Kenya has ambitious plans to become a middle-income country by 2030. That is the cornerstone of the country’s bold Vision 2030 aspiration. The realisation of this dream will be largely fuelled by sufficient and reliable energy, to fire up Kenya’s economy to join the league of industrialised nations.
But even as we strive to scale the Vision 2030 developmental heights, it should not be lost on us that Kenya is one of the 193 United Nations member states that endorsed and adopted the agenda that laid the ground for the Sustainable Development Goals (SDGs) in 2015.
Key attributes of this transformative agenda include intensifying efforts to share prosperity, empower people’s livelihoods and heal our planet for the benefit of current and future generations. Adoption of solar power fits this bill, ensuring affordable and clean energy is available to more people and businesses. Not surprisingly, affordable and clean energy is one of the 17 SDGs.
The seventh goal of the agenda – affordable and clean energy – takes note of the fact that continued growth of the global population will lead to increased demand for cheap energy. The vision is to wean countries off fossil fuels, given the detrimental effect they have on the climate. As such, investing in solar, wind, hydro and geothermal power, improving energy productivity, and ensuring energy for all, is vital if countries are to achieve SDG 7 by 2030.
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Kenya is well-positioned to exploit these natural resources, empower her people and develop the economy sustainably in an eco-friendly manner. The government should therefore champion this agenda as a duty to its citizens who have a right to access affordable energy. A large proportion of rural populations has actually embraced solar energy, which should challenge the government to invest more in the exploitation of this renewable resource.
That calls for significant investment, which is what the government is mandated to do and why citizens are taxed to fund such projects, with far-reaching social and economic benefits. Unfortunately, it seems that the government is more interested in propping up an inefficient monopoly: Kenya Power.
Meanwhile, big industrial and commercial consumers continue to buckle under the weight of inflated and unsustainable bills. It therefore did not come as a surprise that these big power consumers sought alternative power sources, by getting off the national grid and installing their own solar power.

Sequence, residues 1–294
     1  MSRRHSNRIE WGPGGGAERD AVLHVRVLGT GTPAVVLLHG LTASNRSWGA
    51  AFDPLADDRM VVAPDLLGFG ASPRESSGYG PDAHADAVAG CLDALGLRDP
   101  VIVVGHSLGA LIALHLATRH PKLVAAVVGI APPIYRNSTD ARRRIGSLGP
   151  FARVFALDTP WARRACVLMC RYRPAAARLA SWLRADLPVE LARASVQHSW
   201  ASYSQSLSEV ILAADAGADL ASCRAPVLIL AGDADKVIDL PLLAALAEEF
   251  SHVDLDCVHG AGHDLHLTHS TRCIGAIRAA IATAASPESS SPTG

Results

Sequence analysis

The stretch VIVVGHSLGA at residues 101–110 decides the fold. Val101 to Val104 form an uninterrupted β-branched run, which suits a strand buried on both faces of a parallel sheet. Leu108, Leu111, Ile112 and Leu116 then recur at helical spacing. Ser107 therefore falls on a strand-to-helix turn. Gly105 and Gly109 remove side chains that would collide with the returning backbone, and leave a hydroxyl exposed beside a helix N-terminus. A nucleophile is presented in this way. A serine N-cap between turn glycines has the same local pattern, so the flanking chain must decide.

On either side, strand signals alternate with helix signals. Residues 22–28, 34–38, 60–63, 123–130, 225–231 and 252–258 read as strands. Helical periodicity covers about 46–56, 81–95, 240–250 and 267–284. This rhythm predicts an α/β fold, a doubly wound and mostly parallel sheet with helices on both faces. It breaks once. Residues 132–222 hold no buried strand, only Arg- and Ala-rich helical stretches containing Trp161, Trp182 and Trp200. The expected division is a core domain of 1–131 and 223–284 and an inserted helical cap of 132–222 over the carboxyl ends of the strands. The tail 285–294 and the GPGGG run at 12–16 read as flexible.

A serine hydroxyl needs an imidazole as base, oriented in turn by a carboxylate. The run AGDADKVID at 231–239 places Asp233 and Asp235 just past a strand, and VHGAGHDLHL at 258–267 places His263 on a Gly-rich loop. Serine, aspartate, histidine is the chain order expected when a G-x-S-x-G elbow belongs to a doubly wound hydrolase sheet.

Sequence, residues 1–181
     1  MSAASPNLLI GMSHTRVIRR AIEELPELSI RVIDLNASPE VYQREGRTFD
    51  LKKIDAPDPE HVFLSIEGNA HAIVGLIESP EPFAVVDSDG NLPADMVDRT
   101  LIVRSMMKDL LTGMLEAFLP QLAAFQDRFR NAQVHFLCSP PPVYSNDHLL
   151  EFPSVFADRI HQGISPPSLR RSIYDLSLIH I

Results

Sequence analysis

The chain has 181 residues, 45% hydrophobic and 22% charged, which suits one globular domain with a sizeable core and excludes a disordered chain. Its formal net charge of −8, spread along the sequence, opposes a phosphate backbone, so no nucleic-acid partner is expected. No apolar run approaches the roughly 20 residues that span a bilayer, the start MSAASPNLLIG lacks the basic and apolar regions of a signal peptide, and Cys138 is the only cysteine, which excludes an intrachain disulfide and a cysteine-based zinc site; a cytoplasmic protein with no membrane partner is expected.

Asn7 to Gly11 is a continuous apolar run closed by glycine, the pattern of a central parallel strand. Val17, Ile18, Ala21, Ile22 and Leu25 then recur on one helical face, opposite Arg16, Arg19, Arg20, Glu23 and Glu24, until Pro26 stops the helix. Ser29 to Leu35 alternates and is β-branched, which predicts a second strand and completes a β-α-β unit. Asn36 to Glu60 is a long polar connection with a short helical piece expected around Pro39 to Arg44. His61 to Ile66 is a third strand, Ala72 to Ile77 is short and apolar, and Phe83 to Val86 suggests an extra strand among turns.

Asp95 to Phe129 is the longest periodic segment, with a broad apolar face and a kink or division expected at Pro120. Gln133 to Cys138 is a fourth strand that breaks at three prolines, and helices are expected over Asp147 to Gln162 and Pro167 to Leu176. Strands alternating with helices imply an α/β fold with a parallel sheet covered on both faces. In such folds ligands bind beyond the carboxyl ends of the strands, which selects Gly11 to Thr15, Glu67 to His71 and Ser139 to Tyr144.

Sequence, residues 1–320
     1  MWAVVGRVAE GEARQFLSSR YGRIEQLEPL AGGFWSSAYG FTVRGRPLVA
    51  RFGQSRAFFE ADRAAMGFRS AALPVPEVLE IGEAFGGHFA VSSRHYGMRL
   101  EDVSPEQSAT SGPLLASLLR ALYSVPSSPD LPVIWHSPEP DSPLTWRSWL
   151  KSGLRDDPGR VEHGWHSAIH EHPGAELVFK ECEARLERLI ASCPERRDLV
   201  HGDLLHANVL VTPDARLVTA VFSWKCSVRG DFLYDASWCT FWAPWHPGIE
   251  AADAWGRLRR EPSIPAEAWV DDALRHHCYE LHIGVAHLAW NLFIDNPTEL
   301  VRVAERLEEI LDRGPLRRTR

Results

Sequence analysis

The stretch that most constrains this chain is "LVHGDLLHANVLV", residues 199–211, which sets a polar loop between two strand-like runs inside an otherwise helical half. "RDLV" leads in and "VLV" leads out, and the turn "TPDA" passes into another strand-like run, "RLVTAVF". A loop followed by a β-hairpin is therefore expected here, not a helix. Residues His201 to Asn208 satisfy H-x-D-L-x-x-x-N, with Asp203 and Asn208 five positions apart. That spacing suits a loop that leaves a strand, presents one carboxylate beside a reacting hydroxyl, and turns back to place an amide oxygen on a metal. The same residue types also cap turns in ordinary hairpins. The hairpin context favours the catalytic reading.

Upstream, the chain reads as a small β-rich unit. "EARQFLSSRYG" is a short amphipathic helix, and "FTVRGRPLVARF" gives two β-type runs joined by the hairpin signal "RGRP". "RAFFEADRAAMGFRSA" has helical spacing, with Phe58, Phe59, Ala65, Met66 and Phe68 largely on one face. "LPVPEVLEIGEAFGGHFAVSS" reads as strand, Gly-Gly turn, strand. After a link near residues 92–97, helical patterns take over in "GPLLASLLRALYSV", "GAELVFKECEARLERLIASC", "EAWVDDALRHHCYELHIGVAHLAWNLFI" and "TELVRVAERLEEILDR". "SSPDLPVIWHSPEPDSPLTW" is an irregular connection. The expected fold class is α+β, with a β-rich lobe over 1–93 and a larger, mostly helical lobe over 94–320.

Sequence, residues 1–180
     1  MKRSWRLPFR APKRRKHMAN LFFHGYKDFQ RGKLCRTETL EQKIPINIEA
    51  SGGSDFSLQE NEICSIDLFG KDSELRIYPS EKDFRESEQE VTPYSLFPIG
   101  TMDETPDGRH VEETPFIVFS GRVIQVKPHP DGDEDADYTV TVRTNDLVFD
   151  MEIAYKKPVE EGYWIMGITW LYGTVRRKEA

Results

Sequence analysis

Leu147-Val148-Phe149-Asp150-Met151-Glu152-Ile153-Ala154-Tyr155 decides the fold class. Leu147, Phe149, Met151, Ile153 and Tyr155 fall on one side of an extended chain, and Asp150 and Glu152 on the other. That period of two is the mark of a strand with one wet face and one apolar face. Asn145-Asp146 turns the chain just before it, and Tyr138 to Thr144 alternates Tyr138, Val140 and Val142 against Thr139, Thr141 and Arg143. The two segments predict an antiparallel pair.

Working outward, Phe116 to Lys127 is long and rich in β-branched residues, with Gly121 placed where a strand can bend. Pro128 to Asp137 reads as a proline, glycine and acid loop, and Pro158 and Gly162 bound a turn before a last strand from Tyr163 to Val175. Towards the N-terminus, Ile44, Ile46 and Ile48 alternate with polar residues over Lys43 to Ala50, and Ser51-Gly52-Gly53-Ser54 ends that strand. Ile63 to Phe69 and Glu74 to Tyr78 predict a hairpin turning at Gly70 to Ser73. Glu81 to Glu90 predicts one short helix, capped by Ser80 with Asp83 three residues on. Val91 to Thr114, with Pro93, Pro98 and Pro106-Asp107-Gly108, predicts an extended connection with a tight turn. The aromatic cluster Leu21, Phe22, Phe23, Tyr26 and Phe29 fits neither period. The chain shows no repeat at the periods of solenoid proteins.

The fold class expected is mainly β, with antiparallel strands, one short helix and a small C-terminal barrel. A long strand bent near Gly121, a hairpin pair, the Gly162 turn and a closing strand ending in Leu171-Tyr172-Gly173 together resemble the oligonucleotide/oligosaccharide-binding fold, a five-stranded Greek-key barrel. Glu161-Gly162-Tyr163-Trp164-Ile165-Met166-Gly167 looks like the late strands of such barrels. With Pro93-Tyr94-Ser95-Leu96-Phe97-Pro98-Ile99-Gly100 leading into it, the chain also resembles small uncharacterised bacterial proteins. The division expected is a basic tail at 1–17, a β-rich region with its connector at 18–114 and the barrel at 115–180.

This is a big win for clean energy adoption, climate action, attaining the SDGs, inching closer towards Vision 2030 and facilitating sustainable economic development. The forward and backward linkages of such a move also guarantee job creation across a value chain that comprises technicians, retailers and importers.
However, these gains are at a risk of being clawed back to protect Kenya Power, a monopoly that is saddled with declining profitability. The company released its financial report for the year ending June 2019, indicating a significant dip in profits before taxation from almost Sh5 billion the previous year to Sh334 million.
Besides acknowledging inefficiency that led to an increase in system energy loss by 24 per cent, the directors bemoaned increased grid defection by big, industrial power consumers who account for more than 50 per cent of its billing and the failed attempt to have the Energy Regulatory Commission (ERC) approve a hike of tariffs for the last two years.
What is now worrying is the suspicious publication of prohibitive regulations by the Energy and Petroleum Regulatory Authority (Epra) soon after the announcement of Kenya Power’s dismal performance and its fear that more consumers could ditch it for solar power. Kenyans should not be punished for seeking affordable and cleaner energy.
Epra’s Draft Energy (Solar Photovoltaic) Regulations 2020 propose that a solar power technician must have a Bachelor’s degree or three courses in engineering. Technicians will have to pay up to Sh6,000 for licences; while solar power contractors will have to underwrite their operations by between Sh1 million and Sh10 million. That’s besides Sh10,000 daily fine on technicians for failure to renew licences and Sh20,000 for failure to issue completion certificate.
Something seems to be afoot to shield Kenya Power through these harsh proposals by making it untenable for investors and entrepreneurs to manufacture, import, install or maintain solar power and tie consumers to Kenya Power’s expensive electricity.
This move is counter to the provisions of The Energy Act, 2019 that champions the promotion and development of renewable energy. As the UN Secretary-General noted on December 2, 2020 during his State of the Planet address, “renewable energy is now the first choice not just for the environment, but for the economy.”
The government should not speak from both sides of its mouth on clean energy and climate action. We must play our part in flicking the “green switch” to reset and transform the world economy.
-Mr Adow is the founder and Director of Power Shift Africa, a climate and energy think tank. @mohadow